thyroid medullary carcinoma
Friday 27 February 2004
medullary thyroid cancer, medullary thyroid carcinoma ; MTC; thyroid medullary carcinoma
JRC:387 : Thyroid medullary carcinoma, Metastatic (Lymph node, neck).
JRC:480 : Thyroid medullary carcinoma, classical type.
JRC:2668 : Thyroid medullary carcinoma, classical type.
JRC:14580 : Thyroid medullary carcinoma (Marked nesting (Zellballen) pattern).
JRC:14617 : Thyroid medullary carcinoma.
JRC:14916 : Thyroid medullary carcinoma, classical type.
JRC:15039 : Thyroid medullary carcinoma, classical type.
JRC:18760 : Thyroid medullary carcinoma.
JRC:18763 : Thyroid medullary carcinoma.
JRC:18909 : Thyroid medullary carcinoma with amyloid stroma.
JRC:18910 : Thyroid medullary carcinoma.
Spindle cell variant
JRC:2670 : Thyroid medullary carcinoma, spindle cell variant.
JRC:483 : Thyroid medullary carcinoma with spindle cell features.
JRC:15401 : Thyroid medullary carcinoma, spindle cell variant.
High-grade, small cell variant
JRC:63 : Thyroid medullary carcinoma, high grade (small cell).
Definition: Medullary thyroid carcinoma (MTC) is an unusual neoplasm, accounting for 3-10% of all thyroid cancer cases. It occurs in a sporadic and hereditary form.
May have other MEN 2 features
Painless thyroid mass
50% with node metastases at presentation
15% with distant metastases at presentation
Raised serum calcitonin levels
May present with other unusual endocrine paraneoplastic features.
Irregular unencapsulated firm mass centrally in thyroid lobe
- except syndromic cases
Solid sheets, nests or trabeculae of tumor cells composed of varying proportions of:
- polygonal, round or spindle cells
- round / oval bland nuclei
- occasionally pleomorphic
fibrovascular intervening stroma
- variable appearance
- may be hyalinized
- majority have amyloid areas (Congo red positive)
- strong expression associated with worse prognosis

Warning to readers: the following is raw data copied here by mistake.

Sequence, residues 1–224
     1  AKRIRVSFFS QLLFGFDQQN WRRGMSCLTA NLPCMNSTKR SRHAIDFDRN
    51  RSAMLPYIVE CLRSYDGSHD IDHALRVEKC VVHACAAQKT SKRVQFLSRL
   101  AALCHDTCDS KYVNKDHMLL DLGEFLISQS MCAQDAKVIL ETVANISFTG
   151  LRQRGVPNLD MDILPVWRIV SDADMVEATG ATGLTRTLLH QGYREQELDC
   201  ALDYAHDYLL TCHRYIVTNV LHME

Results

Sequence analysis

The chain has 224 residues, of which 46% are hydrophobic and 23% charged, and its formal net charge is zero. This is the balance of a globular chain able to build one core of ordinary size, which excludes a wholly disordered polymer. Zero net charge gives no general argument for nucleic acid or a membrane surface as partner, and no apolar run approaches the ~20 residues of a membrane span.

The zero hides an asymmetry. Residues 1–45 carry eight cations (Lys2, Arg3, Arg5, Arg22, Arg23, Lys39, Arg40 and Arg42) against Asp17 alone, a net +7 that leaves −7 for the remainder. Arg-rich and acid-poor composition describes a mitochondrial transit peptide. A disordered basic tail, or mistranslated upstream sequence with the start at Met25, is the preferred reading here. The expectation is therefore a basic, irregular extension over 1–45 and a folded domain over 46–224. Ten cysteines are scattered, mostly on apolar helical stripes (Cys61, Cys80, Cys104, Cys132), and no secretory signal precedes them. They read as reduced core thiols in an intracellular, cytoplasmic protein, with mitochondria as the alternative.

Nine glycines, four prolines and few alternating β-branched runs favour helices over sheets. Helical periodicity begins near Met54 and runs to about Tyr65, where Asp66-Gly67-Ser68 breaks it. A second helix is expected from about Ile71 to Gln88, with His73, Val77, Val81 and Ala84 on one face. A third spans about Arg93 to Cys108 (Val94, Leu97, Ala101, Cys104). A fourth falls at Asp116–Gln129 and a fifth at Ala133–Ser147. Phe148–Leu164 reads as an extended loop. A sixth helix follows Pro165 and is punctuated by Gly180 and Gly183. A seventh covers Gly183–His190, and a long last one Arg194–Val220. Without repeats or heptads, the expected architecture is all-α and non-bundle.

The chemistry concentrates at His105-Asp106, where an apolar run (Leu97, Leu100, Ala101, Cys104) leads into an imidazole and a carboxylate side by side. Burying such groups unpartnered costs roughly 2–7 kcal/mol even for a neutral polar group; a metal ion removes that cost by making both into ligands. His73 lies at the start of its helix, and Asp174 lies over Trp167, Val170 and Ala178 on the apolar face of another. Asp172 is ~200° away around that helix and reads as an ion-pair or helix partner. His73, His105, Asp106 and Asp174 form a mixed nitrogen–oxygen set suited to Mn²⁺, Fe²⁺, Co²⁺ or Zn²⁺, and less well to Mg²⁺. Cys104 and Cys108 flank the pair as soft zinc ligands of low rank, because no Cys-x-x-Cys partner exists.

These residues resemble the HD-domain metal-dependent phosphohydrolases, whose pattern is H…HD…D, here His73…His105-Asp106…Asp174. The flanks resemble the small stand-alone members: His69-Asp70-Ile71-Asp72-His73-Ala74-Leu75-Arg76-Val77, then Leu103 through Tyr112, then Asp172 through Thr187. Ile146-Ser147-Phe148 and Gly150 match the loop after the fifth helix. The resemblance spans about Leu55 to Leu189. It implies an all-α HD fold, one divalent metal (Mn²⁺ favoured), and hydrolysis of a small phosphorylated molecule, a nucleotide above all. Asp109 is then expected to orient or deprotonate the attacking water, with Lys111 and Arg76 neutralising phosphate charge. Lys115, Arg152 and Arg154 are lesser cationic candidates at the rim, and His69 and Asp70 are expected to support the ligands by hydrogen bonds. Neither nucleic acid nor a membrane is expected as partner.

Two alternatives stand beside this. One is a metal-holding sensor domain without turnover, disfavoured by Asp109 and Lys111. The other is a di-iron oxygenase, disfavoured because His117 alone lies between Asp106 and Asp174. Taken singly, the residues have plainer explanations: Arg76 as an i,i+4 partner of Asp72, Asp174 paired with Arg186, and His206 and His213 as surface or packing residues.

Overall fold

±S100 + : sustentacular cells peripherally
MEN associated cases
Mainly adults when sporadic
Children affected when associated with MEN 2A, 2B and familial medullary thyroid carcinoma syndromes. It may even present in infancy in these syndromes
Medullary thyroid carcinoma (MTC) accounts for approximately 3% to 10% of all thyroid carcinomas.
The female to male ratio generally reported ratio is of 1.3/1.
Hereditary MTC often presents with bilateral tumors and is frequently associated with C-cell hyperplasia (CCH).
By means of calcitonin screening programs, MTCs could be detected at an early stage in families with MTC.
Germ-line mutations of the RET protooncogene, considered to be responsible for the hyperproliferative activity of C cells, are identified in family members at risk.
In contrast, sporadic forms of MTC rarely were detected at an early stage, because routine screening was not performed. Therefore, only scant data are available at pathogenesis and possible precursor lesions such as CCH.
Although in case reports, CCH has been reported to occur in apparently sporadic MTCs, it is generally assumed that sporadic MTC is not associated with CCH.
The occurrence of CCH in the absence of hereditary risk factors is considered to represent a reactive proliferation of C cells associated with a variety of thyroid and parathyroid disorders.
Serum calcitonin screening in patients without previously known familial risk factors for MTC has proved to be effective in early detection of sporadic forms of MTC.
Hence, more thyroidectomies, based on increase serum calcitonin levels alone, can be expected, and surgical pathologists will be faced with an increasing number of total thyroidectomies.
Specimens from these patients make it possible to study early forms of sporadic C-cell carcinoma and probable precursor lesions.
Tumors can be staged according to the International Union Against Cancer (UICC).
With regard to predominant growth pattern and tumor cell morphology, tumors were classified as prototypic, follicular, spindle cell, or clear cell variants.
The presence of amyloid deposits can be recorded.
The percentage of calcitonin and CEA-positive cells can be estimated.
McDermott MB, Swanson PE, Wick MR. Immunostains for collagen type IV discriminate between C-cell hyperplasia and microscopic medullary carcinoma in multiple endocrine neoplasia, type 2a. Hum Pathol 1995;26:1308-312. PMID: 8522302